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Ten Who Shouldn't Be Sold Short
Robert W. Creamer
September 27, 1982
Shortstop is a fielder's position, the most important part of the defense except for pitching. Third base has become more glamorous, with its spectacular diving stops, but the best third baseman isn't as good a fielder as the man playing next to him. If he were, he'd be the shortstop: There's more ground to cover over there, more balls to get to, more plays to execute. That's why third basemen have to be productive hitters; a team can't afford what Baltimore Manager Earl Weaver calls "the luxury of defense" at third base unless it gets hitting to go with the D. Shortstop is a different matter. Defensive skill is so important there that clubs have gone long periods with non-hitters at the position. Mark Belanger, a .227 batter who was the Oriole shortstop for 14 seasons, is a case in point. So was Detroit's Ray Oyler; in 1968 he batted only .135, but his fielding helped win the American League pennant.
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September 27, 1982

Ten Who Shouldn't Be Sold Short

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8. Pee Wee Reese (2,014, 1940-58). He and Phil Rizzuto (No. 10) were the shortstops on the two best teams in baseball for a decade and a half. Both were excellent fielders, superb base runners, deft hunters, valuable offensive players. Reese was more of a team leader than Rizzuto and was better offensively. He wangled more than 1,200 walks and scored 1,338 runs, all for the Dodgers.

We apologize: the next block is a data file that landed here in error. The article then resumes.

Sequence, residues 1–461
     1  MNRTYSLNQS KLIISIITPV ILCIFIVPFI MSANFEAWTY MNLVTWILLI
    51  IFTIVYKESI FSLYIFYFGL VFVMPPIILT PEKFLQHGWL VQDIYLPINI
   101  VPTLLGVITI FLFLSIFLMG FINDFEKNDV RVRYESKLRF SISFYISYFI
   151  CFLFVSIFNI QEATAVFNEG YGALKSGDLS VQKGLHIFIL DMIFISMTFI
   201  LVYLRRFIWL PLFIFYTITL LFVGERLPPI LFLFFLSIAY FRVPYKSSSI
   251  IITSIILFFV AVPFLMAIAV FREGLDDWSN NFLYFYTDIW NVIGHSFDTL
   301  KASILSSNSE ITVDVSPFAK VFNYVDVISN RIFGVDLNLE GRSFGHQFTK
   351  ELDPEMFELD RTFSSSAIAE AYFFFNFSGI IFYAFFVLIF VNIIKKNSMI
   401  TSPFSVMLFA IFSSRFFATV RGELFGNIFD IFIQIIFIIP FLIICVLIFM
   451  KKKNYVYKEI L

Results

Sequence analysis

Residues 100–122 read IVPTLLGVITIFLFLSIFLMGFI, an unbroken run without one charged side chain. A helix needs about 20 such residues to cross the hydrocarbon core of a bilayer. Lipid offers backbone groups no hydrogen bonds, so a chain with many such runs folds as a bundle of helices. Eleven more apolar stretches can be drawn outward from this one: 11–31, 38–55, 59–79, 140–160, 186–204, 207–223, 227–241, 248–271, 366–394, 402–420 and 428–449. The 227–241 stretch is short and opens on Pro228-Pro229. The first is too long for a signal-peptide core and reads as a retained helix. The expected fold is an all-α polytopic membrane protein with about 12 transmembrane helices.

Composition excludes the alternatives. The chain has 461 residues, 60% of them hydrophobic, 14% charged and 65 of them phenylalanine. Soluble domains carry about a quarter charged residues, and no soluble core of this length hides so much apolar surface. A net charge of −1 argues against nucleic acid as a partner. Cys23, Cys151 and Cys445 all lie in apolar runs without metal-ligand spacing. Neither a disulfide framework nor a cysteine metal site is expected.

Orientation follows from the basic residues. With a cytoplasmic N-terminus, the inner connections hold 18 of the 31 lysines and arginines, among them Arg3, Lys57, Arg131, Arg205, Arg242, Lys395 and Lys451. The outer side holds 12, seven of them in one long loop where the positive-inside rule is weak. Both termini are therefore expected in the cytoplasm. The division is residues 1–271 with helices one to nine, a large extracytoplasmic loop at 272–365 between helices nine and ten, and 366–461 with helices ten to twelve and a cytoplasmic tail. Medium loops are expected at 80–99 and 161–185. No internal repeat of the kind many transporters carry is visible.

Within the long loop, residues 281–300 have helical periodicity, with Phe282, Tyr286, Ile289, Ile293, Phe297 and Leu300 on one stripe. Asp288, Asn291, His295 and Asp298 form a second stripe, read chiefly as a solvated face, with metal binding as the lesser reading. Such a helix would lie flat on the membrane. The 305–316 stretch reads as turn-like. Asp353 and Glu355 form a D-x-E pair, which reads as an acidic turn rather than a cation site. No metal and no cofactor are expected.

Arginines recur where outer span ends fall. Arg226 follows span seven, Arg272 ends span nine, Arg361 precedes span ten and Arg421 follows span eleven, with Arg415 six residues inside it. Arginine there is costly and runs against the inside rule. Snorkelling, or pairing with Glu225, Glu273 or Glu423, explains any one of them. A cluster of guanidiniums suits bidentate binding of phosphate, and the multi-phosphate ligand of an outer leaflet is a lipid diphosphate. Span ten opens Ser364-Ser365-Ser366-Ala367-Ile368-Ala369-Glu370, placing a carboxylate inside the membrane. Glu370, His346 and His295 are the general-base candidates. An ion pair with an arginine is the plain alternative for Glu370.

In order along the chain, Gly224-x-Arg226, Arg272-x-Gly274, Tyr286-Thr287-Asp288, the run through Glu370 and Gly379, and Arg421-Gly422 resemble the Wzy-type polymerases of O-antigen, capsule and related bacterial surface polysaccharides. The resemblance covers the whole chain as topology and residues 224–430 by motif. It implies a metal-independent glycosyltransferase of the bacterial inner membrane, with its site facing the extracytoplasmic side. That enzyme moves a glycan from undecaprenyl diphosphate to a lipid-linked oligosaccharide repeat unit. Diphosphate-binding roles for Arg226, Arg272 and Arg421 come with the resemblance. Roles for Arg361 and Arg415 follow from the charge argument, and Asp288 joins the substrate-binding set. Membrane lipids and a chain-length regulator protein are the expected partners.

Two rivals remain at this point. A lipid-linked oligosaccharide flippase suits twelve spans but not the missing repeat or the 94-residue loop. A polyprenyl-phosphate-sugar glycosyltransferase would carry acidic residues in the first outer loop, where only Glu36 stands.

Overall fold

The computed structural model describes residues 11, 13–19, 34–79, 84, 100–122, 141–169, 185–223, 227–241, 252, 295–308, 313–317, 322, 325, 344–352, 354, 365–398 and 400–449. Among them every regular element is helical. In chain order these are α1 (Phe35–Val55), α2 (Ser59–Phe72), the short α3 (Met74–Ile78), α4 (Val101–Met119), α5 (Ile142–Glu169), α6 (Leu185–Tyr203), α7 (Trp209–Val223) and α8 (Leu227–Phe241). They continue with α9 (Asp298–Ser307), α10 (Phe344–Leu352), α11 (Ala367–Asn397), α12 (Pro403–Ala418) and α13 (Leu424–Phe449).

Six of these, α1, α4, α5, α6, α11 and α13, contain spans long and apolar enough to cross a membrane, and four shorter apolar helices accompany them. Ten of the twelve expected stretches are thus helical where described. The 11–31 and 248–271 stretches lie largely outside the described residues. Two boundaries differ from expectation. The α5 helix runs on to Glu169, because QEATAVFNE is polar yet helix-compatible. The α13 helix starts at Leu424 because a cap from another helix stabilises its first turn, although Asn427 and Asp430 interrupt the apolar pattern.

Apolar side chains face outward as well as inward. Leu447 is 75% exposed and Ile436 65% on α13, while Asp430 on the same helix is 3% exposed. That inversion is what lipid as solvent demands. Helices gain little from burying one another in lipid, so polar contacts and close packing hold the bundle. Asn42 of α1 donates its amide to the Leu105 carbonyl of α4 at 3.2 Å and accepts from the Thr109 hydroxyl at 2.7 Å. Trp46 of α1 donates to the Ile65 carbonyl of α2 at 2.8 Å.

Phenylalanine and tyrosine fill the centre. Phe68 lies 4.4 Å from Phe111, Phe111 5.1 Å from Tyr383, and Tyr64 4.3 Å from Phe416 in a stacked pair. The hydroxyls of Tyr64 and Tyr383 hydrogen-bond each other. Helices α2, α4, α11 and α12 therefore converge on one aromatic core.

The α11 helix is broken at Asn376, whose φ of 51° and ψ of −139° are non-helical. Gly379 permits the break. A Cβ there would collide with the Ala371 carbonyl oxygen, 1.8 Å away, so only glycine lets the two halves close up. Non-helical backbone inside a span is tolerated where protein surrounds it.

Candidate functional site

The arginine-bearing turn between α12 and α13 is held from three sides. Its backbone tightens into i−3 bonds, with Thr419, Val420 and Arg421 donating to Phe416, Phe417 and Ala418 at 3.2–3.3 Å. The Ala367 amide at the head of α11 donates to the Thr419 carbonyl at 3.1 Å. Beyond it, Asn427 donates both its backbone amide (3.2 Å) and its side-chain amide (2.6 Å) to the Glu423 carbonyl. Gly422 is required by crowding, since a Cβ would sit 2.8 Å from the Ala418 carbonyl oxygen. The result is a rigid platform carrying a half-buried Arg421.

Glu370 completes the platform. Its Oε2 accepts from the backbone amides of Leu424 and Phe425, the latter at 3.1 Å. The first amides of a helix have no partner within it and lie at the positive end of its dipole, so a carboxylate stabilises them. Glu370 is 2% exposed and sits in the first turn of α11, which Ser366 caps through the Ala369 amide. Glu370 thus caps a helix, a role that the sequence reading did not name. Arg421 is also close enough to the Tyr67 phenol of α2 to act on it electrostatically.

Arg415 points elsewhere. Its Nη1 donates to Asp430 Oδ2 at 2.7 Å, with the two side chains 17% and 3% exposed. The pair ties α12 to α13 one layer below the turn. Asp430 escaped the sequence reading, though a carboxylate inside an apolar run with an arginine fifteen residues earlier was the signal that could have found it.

9. Dave Bancroft (1,873, 1915-30). He was an extravagant fielder for four National League teams whose brilliant plays more than made up for his frequent errors. He was a prolific run scorer and a team spark plug, a pennant-winning ballplayer.

10. Phil Rizzuto (1,647, 1941-56). The Scooter played shortstop in nine World Series for the Yankees, a record for the position. He was the American League's Most Valuable Player in 1950.

As for fielding alone, the 10 best glove men were 1) Aparicio; 2) Glasscock; 3) Roy McMillan; 4) Mickey Doolan. a better fielder than Wagner, his contemporary, but who couldn't hit as well as Wagner's cat; 5) George McBride, who couldn't hit as well as Doolan; 6) Everett Scott; 7) Belanger; 8) Bancroft; 9) Eddie Miller; 10) Marty Marion.

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